It was nearly teatime in London, where he lives, when Timothy Redmond spoke to the Journal by phone last week. Earl Grey is his favorite.
Redmond, who was named the Winston-Salem Symphony’s fifth full-time music director in May, will conduct his first concerts in that role next weekend.
He will fly into Charlotte on Monday to be here for meetings, rehearsals and a Music Lover’s luncheon on Oct. 25. He’ll conduct the symphony at 3 p.m. on Oct. 27 and 7:30 on Oct. 29, after which, he’ll fly back to London just long enough to change planes for Malta where he’s going to conduct an opera.
Such is the life of a globetrotting impresario.
“There’s the satisfaction in making things happen, of getting successfully from Point A to Point B,” Redmond said.
E. Merritt Vale, president and chief executive of the symphony said, “Tim has already brought incredible energy and enthusiasm to the symphony, and we can’t wait to share that with the community. ... It is going to be a rousing program of music. ...”
“The program moves from Mozart’s transcendent ‘Haffner’ Symphony to Higdon’s contemporary masterpiece as well as Haydn’s astonishing depiction of the moment before creation,” Redmond said. “And as if that were not enough, the concerts will end with Stravinsky’s provocative ‘Rite of Spring.’”
Most of the coming Winston-Salem Symphony Classics Series program was selected before Redmond was hired, but he got to add one piece of his own selection.
“I’ve made just a few tweaks,” he said. He chose “The Representation of Chaos,” the overture to Joseph Haydn’s “The Creation,” because, he said, it hints at what will occur just over 200 years later in Igor Stravinsky’s revolutionary “The Rite of Spring,” the piece that will close the program.
“It’s all about context,” Redmond said. “In every era, people try to push the envelope. It was Haydn who developed the orchestra and was important to the development of chamber music.”
The Haydn piece, which is about six minutes long, portrays the moment of chaos that precedes God’s creation of the earth. It contains some rhythmic figures that foreshadow Stravinsky and seem unusual for what is typically expected in classical music.
Stravinsky’s “The Rite of Spring” was created as a ballet and first presented in 1913 in Paris by Sergei Diaghilev’s Ballets Russes. Stravinsky’s primitive, percussive music combined with daring choreography by the dancer Vaslav Nijinski’s created a sensation, a scandal — and it was wildly popular.
“It’s very raw. There is something primitive about it that we all recognize,” Redmond said. “Every Hollywood composer uses something similar to scare us or make us uneasy.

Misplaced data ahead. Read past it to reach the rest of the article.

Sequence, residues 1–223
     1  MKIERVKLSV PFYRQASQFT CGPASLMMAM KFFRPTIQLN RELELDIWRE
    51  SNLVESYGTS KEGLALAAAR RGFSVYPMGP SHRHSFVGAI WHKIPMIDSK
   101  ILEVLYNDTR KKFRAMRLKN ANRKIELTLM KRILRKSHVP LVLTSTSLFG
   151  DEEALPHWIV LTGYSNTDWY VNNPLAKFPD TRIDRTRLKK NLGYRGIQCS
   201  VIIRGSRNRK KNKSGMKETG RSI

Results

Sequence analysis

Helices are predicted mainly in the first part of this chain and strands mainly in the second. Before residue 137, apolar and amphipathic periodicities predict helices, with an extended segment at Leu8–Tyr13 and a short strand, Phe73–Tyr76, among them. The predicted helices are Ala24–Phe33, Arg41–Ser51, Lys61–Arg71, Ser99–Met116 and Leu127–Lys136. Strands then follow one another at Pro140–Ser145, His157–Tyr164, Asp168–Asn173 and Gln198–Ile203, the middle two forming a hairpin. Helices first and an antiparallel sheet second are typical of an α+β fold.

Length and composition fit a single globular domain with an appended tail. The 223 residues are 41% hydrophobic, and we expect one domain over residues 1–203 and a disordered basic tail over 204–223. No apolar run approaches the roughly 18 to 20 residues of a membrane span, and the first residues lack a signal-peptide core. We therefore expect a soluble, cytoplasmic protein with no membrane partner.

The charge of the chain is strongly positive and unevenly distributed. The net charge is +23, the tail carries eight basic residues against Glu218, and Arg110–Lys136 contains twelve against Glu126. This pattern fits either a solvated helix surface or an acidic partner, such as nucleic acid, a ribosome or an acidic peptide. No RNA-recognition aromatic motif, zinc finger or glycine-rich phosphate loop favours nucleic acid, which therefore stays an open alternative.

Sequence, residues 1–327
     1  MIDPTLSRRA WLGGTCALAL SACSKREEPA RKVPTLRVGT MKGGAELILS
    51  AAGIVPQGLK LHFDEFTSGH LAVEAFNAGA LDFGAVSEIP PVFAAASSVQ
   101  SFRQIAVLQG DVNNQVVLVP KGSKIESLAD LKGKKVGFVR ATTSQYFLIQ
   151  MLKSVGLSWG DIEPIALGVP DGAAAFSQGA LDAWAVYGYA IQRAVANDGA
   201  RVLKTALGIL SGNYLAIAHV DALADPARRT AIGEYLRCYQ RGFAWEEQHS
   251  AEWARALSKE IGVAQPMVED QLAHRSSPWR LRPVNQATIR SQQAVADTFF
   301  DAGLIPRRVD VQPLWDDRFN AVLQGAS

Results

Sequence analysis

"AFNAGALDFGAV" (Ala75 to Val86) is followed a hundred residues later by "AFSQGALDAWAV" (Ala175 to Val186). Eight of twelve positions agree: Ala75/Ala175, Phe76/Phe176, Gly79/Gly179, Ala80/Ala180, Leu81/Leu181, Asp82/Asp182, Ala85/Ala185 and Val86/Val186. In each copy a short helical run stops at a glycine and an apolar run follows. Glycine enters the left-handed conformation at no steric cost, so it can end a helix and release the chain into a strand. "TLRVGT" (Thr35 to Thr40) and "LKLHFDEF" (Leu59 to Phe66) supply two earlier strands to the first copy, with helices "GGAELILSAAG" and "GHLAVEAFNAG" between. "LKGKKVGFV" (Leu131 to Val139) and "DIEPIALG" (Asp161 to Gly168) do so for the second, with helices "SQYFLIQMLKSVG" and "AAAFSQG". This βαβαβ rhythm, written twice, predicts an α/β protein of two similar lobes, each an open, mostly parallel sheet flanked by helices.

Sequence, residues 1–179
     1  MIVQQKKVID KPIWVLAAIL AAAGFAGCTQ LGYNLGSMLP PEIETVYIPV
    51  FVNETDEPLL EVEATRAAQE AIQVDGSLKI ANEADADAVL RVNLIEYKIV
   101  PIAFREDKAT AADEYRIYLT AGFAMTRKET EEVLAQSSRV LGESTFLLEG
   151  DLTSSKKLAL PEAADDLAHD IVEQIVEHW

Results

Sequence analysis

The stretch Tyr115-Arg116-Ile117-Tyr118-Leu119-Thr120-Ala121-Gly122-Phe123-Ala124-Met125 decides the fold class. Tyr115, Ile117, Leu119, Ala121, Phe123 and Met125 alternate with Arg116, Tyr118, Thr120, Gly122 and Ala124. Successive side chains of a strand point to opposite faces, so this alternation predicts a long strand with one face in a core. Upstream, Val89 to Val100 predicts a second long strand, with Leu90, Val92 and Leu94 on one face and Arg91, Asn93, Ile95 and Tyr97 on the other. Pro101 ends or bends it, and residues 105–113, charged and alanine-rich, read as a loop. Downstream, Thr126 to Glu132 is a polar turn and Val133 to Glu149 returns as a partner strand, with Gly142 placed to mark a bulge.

“Stravinsky unleashed rhythm in a new way. ... If you hear any piece of rock music, the drumbeat is what drives it. Stravinsky sets up a rhythm, and he then changes it. He keeps disturbing us.”
Legend has it that the 1913 production caused riots in the theater, although that was not documented until 10 years later.
“But within a year of its debut, it was a completely standard and celebrated work,” Redmond said. “I chose the Haydn, because I thought it would be fun to think about how people in the 1700s thought about chaos, the idea of trying to work that out in music.
“Haydn was the most extraordinary innovator. ‘The Representation of Chaos’ hints at Modernism. I wanted to show that Stravinsky wasn’t the first revolutionary composer.”
Another of Stravinsky’s collaborators on “The Rite of Spring” ballet was Nicholas Roerich, a painter, writer, archaeologist and philosopher. Roerich not only designed the costumes and scenery, which harked back to ancient Russia, but also brought Stravinsky the story from Russian folklore.
“Because of the story, you can take your listeners on a journey,” Redmond said. “Roerich was an unbelievable man. Stravinsky discovered him through Roerich’s work on Borodin’s ‘Prince Igor.’ Stravinsky loved the primitive art that Roerich had rediscovered in Russia.”
Nikolai Rimsky-Korsakov influenced Stravinsky’s early works such as “The Firebird,” and after his wild innovation in “The Rite of Spring,” Stravinsky took a sharp turn into Neoclassical style with works such as “Soldier’s Tale.”
“There isn’t a sequel to ‘Rite of Spring,’” Redmond said. “He transforms music, but then he turns Neoclassical.”
The concert will open with Wolfgang Amadeus Mozart’s Symphony No. 35, the “Haffner” Symphony, swinging back again to the 18th century before fast-forwarding to a contemporary work, the “Low Brass Concerto,” by Pulitzer Prize-winner Jennifer Higdon.
A brass quartet, composed of members of the symphony, will perform as guest artists for Higdon’s piece: Brian French and David Wulfeck on the trombone, Erik Salzwedel on the bass trombone, and Matt Ransom on the tuba.
“It’s a very clever idea to write for the low brass instruments,” Redmond said. These instruments are always present in the symphony orchestra, but they rarely get the spotlight. “It’s a pretty new piece (2017) and has had a lot of performances.”